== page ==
Service Canada offices to shutter for in-person services over COVID-19 concerns

Officials will make alternative arrangements for those who still need personalized services

The federal government is shutting down the network of in-person Service Canada centres over COVID-19 concerns.

Some of the offices, such as one tucked inside Ottawa’s city hall, have already started to close as confirmed cases of COVID-19 have increased and workers were needed elsewhere, or felt uncomfortable about going in due to health concerns.

The Liberals say the move, announced late Thursday night, shouldn’t affect most unemployed workers who seek employment insurance benefits since the vast majority of applications are done online.

And a new benefit for those who don’t qualify for EI but see their income dry up due to COVID-19 will be available through an online application. The web portal is targeted for opening early next month.

The minister in charge of Service Canada says officials will make alternative arrangements for those who still need personalized services — a group that tends to include seniors and Indigenous Peoples.

Social Development Minister Ahmed Hussen said the government’s service delivery model should reflect the fact that Canadians are being asked to stay home over public health concerns.

“During a time when we are asking most Canadians to stay home, we need to make sure our service delivery model follows the best public health advice, while also meeting the needs of Canadians,” he said in a statement.

“We recognize that this might be a challenge for some Canadians who prefer to receive services in person. I want to assure Canadians that we are committed to ensuring they all have access to the supports they need and deserve.”

Hussen said staff at the offices will instead focus on answering questions coming into call centres. Others will be available to call people directly by request to help with EI and pension applications.

“This will allow more Canadians to get the support they need, while better protecting both them and our staff,” the statement said.

The unions representing workers at the centres, who had urged the government to better protect front-line staff, did not immediately respond to a request for comment.

The network of 318 Service Canada centres, along with almost 250 more outreach centres, received about 8.4 million visits during the 12-month period between April 2018 and March 2019. The figure, noted in a recently posted evaluation of federal services, included over 1.9 million people walking in to use a self-service kiosk.

ALSO READ: Trudeau announces 75% wage subsidy for small businesses amid COVID-19

The demand on Service Canada has increased in recent days as more than one million new applications for EI benefits have arrived in just over a week as businesses close over public health concerns or requirements and let workers go.

On Wednesday, Prime Minister Justin Trudeau acknowledged the frustration many of those Canadians are feeling trying to get information about their request for financial aid, saying during his daily press briefing that civil servants were working around the clock to process claims.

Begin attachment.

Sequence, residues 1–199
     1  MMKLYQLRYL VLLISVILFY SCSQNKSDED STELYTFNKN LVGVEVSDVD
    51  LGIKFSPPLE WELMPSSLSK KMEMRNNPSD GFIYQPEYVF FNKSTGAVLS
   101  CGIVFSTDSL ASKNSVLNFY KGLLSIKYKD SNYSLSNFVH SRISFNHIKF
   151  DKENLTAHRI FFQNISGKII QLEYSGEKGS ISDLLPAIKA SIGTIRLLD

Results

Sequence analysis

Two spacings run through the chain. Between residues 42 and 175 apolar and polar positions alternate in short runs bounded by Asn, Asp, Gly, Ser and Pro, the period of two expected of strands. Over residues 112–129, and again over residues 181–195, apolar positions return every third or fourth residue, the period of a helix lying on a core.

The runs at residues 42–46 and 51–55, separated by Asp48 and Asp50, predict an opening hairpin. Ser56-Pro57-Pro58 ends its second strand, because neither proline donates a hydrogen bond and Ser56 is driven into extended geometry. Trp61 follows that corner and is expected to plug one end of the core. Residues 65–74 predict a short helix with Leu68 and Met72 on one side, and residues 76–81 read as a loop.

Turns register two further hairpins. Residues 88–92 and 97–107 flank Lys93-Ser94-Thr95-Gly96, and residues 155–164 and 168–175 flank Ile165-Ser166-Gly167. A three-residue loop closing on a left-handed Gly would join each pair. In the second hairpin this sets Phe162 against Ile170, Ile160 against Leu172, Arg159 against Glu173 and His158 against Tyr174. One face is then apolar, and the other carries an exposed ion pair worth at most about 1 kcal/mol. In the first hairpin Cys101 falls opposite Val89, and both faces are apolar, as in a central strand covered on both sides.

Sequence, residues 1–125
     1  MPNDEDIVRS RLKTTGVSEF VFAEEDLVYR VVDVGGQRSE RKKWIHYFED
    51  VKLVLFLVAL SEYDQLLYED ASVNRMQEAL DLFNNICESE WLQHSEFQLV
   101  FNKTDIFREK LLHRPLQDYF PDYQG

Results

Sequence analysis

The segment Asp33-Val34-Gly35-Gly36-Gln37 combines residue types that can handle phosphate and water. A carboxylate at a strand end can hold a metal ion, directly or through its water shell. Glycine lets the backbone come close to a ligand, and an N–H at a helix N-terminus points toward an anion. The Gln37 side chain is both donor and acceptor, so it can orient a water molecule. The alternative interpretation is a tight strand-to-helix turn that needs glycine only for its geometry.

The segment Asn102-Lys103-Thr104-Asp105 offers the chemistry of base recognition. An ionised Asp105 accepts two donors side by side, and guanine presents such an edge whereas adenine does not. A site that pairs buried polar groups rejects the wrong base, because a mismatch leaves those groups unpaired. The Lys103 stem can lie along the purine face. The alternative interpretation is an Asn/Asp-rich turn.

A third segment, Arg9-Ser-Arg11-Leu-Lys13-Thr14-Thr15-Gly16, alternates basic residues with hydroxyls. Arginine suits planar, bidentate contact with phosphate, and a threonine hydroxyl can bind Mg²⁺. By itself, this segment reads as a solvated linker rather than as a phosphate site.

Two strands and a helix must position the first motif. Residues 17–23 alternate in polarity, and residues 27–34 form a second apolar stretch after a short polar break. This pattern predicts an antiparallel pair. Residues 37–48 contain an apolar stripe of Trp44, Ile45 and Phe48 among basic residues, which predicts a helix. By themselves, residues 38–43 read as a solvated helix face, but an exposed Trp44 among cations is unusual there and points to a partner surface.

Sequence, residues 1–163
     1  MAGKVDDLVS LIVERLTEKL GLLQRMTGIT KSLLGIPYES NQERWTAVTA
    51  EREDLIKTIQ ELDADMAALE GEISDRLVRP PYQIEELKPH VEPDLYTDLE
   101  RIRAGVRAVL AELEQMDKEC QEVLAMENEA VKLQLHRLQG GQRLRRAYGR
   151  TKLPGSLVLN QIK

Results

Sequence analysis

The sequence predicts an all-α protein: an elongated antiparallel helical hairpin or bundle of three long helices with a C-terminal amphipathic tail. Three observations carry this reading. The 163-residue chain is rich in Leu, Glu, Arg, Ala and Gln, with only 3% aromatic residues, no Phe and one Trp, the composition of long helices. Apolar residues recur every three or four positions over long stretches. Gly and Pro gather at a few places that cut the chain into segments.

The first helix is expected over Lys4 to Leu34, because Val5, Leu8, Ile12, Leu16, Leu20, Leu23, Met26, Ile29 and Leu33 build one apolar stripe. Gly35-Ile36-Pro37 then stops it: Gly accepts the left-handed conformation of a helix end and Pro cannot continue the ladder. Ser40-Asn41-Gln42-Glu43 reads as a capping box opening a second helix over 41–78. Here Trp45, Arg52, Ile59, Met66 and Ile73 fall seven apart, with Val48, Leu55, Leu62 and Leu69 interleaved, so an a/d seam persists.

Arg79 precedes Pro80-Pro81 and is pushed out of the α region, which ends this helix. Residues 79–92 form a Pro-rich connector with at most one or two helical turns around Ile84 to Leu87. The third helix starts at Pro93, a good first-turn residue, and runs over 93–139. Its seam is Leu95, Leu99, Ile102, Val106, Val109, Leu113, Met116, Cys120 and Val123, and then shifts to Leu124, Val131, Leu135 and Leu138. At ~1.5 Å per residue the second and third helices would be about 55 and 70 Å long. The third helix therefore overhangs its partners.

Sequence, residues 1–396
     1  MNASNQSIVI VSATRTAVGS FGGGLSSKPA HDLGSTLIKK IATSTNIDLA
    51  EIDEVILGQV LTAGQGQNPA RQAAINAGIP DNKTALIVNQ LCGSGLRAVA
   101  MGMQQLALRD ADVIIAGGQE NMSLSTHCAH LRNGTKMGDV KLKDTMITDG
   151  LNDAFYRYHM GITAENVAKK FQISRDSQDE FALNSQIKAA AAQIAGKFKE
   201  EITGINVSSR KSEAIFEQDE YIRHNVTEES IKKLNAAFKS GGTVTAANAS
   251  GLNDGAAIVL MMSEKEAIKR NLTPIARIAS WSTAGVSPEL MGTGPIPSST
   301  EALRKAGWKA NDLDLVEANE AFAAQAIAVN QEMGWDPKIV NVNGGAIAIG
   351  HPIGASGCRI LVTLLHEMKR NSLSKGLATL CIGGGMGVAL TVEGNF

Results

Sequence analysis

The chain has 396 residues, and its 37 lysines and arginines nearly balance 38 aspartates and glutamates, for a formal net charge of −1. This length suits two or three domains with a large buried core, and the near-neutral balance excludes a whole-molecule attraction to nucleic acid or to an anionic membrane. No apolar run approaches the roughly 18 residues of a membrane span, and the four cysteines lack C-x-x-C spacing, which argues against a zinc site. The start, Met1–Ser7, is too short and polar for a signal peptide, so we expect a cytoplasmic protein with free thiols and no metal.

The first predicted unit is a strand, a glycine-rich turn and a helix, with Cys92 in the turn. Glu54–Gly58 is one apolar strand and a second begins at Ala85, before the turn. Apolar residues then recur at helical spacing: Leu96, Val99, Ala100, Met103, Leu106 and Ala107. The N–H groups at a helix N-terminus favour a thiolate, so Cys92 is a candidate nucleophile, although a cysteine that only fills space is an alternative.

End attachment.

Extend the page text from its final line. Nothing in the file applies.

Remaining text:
He noted that workers had been deployed from other departments to bolster the ranks of those answering phones at inundated call centres.

READ MORE: How to apply for employment insurance

Jordan Press, The Canadian Press

Like us on Facebook and follow us on Twitter.

Coronavirusfederal government

Get local stories you won't find anywhere else right to your inbox.
Sign up here

Just Posted

Four air ambulance flights out of Terrace delayed or cancelled

Pandemic precautions caused nighttime closure of service station providing weather data to pilots

Skeena Resources, Tahltan prez excited by purchase of Eskay Creek

Skeena gets full control of mine, Barrick gets 12 per cent of Skeena and a one per cent royalty

VIA Rail lays off 1,000 unionized workers across the country

Northern B.C. route Jasper to Prince George to Prince Rupert is not affected by VIA Rail layoffs

Overall house sales drop in the northwest

COVID-19 pandemic slowed market activity

B.C. orders Coastal GasLink to stop pipeline construction near protected wetlands

The 670-kilometre pipeline is planned to transport natural gas from northeast B.C. to Kitimat

B.C. sees 25 new COVID-19 cases, community exposure tracked

One death, outbreaks remain in two long-term care facilities

BREAKING: Amber Alert for two Quebec girls cancelled after bodies found

Romy Carpentier, 6, Norah Carpentier, 11, and their father, Martin Carpentier, missing since Wednesday

B.C. man prepares to be first to receive double-hand transplant in Canada

After the surgery, transplant patients face a long recovery

Grocers appear before MPs to explain decision to cut pandemic pay

Executives from three of Canada’s largest grocery chains have defended their decision to end temporary wage increases

Bringing support to Indigenous students and communities, while fulfilling a dream

Mitacs is a nonprofit organization that operates research and training programs

Northern B.C. First Nations call for reversal of grizzly bear hunting ban

Growing grizzly populations have led to fewer ungulates and increased fear of attacks says Chad Day

RCMP ‘disappointed’ by talk that race a factor in quiet Rideau Hall arrest

Corey Hurren, who is from Manitoba, is facing 22 charges

NHL’s Canadian hubs offer little economic benefit, but morale boost is valuable: experts

Games are slated to start Aug. 1 with six Canadian teams qualifying for the 24-team resumption of play

‘Made in the Cowichan Valley’ coming to a wine bottle near you

Cowichan Valley has the honour of being the first sub-GI outside of the Okanagan

Most Read